Earlier this year, the Knox Centre for Ministry and Leadership hosted Robert Jenson in an informal but riveting round table conversation about the eucharist and mission. In the midst of the discussion, Professor Jenson made the comment that the ecumenical movement (at least at ‘official’ levels) has reached a standstill, and he named as the reason the ordination of women. [Seems like a good time to recall Balthasar’s words: ‘But the most important requirement for [the ecumenical] venture is that both partners in the dialogue have God before them and not behind them. All movement must be towards God, the depth of whose wisdom and mystery appears always to increase’. Who Is a Christian? (London: Burns & Oates, 1968), 39.]
Anyway, now Halden has reposted an absolute ripper from Linda on why men shouldn’t be ordained. In fact, it’s so good that I’m reposting it here as well:
10. A man’s place is in the army.
9. For men who have children, their duties might distract them from the responsibilities of being a parent.
8. Their physical build indicates that men are more suited to tasks such as chopping down trees and wrestling mountain lions. It would be “unnatural” for them to do other forms of work.
7. Man was created before woman. It is therefore obvious that man was a prototype. Thus, they represent an experiment, rather than the crowning achievement of creation.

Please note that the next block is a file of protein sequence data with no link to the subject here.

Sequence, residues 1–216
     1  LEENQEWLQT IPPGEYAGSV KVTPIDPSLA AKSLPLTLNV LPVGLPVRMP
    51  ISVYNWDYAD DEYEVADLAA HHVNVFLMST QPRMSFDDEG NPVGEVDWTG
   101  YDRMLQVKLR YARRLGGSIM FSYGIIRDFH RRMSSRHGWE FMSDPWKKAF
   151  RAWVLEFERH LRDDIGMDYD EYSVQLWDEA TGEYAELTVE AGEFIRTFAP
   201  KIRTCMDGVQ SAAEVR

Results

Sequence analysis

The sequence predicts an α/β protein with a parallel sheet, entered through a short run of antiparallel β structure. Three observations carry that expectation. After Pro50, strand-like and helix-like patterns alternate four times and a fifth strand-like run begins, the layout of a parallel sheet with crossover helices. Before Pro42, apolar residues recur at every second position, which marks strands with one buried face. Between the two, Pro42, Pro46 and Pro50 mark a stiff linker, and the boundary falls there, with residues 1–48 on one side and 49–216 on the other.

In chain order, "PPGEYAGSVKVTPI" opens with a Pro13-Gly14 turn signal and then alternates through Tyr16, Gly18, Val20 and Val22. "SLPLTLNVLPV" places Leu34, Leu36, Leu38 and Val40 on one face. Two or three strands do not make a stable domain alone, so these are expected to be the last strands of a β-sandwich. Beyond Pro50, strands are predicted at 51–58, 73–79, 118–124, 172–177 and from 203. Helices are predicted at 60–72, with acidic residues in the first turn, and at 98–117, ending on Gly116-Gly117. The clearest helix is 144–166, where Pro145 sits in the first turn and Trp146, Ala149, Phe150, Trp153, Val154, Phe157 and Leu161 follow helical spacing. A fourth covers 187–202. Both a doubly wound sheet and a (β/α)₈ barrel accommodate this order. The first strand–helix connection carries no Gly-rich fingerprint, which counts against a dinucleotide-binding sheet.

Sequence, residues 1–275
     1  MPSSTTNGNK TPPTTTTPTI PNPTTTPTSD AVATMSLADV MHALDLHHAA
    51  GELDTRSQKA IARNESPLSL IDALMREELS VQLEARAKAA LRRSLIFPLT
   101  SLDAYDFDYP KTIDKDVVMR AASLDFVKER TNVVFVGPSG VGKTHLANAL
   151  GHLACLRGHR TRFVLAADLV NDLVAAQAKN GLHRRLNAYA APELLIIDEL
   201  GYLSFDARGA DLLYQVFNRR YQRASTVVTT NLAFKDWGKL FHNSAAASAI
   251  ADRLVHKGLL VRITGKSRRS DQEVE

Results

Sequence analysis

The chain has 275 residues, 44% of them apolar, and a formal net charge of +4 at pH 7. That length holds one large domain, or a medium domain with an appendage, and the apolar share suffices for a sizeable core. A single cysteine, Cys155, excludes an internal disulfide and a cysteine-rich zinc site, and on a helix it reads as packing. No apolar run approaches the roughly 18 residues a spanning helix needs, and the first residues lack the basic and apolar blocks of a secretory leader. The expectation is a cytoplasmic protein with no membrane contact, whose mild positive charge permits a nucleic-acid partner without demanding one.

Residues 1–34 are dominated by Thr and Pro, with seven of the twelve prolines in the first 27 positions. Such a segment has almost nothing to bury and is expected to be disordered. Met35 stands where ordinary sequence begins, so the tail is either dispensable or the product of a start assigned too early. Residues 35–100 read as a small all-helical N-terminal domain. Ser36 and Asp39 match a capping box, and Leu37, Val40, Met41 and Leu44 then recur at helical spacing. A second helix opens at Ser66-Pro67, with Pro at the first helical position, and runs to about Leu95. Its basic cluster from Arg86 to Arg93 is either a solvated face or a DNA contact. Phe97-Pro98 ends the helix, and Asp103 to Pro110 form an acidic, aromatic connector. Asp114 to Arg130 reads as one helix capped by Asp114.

6. Men are too emotional to be priests or pastors. This is easily demonstrated by their conduct at football games and watching basketball tournaments.
5. Some men are handsome; they will distract women worshipers.
4. To be ordained pastor is to nurture the congregation. But this is not a traditional male role. Rather, throughout history, women have been considered to be not only more skilled than men at nurturing, but also more frequently attracted to it. This makes them the obvious choice for ordination.
3. Men are overly prone to violence. No really manly man wants to settle disputes by any means other than by fighting about it. Thus, they would be poor role models, as well as being dangerously unstable in positions of leadership.
2. Men can still be involved in church activities, even without being ordained. They can sweep paths, repair the church roof, change the oil in the church vans, and maybe even lead the singing on Father’s Day. By confining themselves to such traditional male roles, they can still be vitally important in the life of the Church.
1. In the New Testament account, the person who betrayed Jesus was a man. Thus, his lack of faith and ensuing punishment stands as a symbol of the subordinated position that all men should take.
And, in the comments, Kim Fabricius has added an eleventh reason: ’11. Jesus did not ordain men. He did not ordain women either, of course – but two wrongs don’t make a right’.